Love calls me to speak more slowly, and I try to respond when love calls.
When I am about to speak of the place where my religious community meets, I pause. I meditate on the history of the way the church has oppressed Jews and Pagans. I remember my internship on Long Island and the conversations I had with children of holocaust survivors and with students of history. I recall the way I used to lock down my protective boundaries when talking with a professed Christian. I reflect on my recent visit to the UU congregation in Salem, housed in the same place of worship that housed the puritans who oversaw the Salem witch trials. And I say “congregation.”
They say “sticks and stones can break my bones but words can never hurt me” but as a child who was teased, a fat teenager who was ridiculed, a lesbian who was threatened, a woman who gets cat-called, a queer Pagan minister who can be the subject of curious gossip… I know different.
Learning to say congregation was fairly easy for me. But once I started listening to other people’s stories I found more reasons to speak slowly.
I often speak publicly hoping to invite more love and justice so I talk a lot about how we are connected, how we are one human family. When I am asking people to notice their relationships with others I pause say an internal prayer for those whose gender assigned at birth does not fit, and I say siblings. This shows up a lot in songs. “Come on people now, you’re my only sibling, try to love one another right now.” If the song is in copyright it is an opportunity to talk about the word choice. Out of copyright? Easy to change a word or two! And when singing I invite low voices and higher voices, rather than men and women.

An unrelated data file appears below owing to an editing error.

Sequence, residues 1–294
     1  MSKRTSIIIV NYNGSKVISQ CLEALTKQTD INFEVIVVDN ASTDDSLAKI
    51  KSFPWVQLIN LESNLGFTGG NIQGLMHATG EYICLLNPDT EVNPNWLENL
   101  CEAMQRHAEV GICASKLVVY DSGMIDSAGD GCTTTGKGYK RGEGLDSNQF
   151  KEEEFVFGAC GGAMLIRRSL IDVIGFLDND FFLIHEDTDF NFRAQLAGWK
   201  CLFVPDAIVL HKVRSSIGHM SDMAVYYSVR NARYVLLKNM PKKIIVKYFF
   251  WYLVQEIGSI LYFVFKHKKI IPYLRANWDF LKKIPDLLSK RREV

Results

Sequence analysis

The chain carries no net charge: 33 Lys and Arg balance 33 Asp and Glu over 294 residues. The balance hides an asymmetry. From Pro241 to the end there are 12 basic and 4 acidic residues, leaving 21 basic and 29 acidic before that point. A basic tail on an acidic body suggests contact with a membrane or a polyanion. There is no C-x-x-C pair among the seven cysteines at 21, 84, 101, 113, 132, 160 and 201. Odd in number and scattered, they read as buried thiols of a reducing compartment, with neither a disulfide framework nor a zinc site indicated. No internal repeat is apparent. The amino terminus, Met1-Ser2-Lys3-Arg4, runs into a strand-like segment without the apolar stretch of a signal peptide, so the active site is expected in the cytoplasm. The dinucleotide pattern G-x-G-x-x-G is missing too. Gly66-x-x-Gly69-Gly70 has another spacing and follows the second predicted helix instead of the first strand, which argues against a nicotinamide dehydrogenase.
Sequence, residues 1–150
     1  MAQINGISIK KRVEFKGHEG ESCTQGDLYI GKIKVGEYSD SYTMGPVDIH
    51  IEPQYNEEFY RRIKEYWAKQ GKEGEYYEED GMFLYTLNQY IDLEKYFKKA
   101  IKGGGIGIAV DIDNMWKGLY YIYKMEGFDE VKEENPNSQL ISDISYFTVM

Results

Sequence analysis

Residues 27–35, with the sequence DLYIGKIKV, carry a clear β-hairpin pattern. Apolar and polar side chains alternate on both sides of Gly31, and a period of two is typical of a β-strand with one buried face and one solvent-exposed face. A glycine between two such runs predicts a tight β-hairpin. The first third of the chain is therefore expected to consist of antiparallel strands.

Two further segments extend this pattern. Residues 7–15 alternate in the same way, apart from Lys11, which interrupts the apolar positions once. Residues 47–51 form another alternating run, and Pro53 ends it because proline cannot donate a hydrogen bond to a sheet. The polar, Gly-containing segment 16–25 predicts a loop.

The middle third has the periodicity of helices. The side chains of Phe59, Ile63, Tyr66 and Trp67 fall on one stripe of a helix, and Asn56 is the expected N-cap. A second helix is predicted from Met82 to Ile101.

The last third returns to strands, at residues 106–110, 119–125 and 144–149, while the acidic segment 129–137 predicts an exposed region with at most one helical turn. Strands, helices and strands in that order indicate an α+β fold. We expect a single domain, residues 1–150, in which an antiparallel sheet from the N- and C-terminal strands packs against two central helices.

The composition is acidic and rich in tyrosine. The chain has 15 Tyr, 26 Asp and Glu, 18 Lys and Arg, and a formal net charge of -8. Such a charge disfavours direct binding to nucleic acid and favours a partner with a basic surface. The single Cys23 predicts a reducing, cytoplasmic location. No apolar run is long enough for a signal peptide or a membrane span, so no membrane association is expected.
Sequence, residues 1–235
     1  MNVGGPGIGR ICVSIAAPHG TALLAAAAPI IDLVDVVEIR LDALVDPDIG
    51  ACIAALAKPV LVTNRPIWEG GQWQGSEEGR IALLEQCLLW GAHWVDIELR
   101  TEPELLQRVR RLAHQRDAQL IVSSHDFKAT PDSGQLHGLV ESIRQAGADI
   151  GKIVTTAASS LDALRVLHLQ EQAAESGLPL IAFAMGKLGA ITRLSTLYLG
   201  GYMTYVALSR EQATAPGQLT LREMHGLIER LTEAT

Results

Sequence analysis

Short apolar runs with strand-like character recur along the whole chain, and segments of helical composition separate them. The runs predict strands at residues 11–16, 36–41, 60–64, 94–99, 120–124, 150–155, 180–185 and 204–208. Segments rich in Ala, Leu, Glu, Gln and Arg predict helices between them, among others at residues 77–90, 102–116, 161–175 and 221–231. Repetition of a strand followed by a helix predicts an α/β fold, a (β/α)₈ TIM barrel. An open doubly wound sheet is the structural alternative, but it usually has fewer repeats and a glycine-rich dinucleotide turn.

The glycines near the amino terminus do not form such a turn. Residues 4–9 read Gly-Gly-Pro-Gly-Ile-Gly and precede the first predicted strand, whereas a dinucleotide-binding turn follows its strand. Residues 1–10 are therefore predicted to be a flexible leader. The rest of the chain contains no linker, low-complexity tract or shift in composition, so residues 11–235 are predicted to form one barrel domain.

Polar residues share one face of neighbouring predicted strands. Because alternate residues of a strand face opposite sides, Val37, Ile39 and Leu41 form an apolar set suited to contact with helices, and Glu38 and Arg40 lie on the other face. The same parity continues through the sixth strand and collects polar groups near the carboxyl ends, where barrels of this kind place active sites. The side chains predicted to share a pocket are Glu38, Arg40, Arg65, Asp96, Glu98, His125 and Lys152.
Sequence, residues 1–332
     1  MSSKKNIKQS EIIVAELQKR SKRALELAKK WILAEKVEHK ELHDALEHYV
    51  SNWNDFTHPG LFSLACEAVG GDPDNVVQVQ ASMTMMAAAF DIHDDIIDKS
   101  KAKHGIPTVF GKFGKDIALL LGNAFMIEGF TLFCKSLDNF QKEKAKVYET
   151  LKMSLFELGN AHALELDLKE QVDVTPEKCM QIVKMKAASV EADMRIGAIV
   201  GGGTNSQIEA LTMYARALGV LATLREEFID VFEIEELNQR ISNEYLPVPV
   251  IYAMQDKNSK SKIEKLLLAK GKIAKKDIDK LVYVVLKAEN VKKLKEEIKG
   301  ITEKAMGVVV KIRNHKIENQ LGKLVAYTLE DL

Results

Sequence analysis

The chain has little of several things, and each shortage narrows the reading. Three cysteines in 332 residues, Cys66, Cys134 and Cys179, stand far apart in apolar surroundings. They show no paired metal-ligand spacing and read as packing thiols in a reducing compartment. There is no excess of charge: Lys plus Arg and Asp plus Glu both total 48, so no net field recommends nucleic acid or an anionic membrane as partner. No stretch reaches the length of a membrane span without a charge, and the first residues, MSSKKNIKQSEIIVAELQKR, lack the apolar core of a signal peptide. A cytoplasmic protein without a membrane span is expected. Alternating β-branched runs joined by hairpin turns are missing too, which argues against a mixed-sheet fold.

I find myself pausing when I speak about you in the third person. What pronoun do you prefer? She? He? They? Per? And then I meditate on the way you have been mis-gendered, not valued. How your family may not have accepted you or you may be unable to keep a job or the bladder damage you have incurred because you are afraid to enter a bathroom where you are not welcome. I remember the times you got pulled over for driving while gender-queer, the ritual you were not welcome at, the tension of having a brain that know you are a man and a body that telegraphs “I am a woman” and the millionth time someone said “sir, I mean ma’am, I mean sir, … what are you?” Then, even though the pause in our conversation has gotten very awkward by now, and my sixth grade English teacher is yelling at me in the back of my head, I try to use a neutral pronoun, or if I know it, the one you prefer.
When I ask you to rise to sing together I mention that you may want to do so in spirit and not in body, or both, and it is your choice. And I remember the time you could not get in the door to join us at worship. I see the path to the outdoor ritual space that was impassable to your walker, and then I hear the person who insisted they didn’t need the mike and you missed their words, or the time you overheard me say “that’s crazy” to describe dumping toxic waste the day after your meds stabilized enough for you to try leaving the house.
I want to call upon others to act in solidarity with a movement for social or climate justice. And since I know that standing hurts, and you do your justice work from your chair or your bed…I slow down. Again. The word I want… May be clumsy to find. May not flow or feel right at first. Or, it could be even better!
We are traveling together on the side of love. Let us rise to the invitation … To BE more love. Let our dancing for justice be of heart, mind and soul. I pray that I can slow down enough to receive your story and to respond with care and compassion. And I pray that we will forgive each other, again, and ourselves, again. Let us begin, slowly, in love.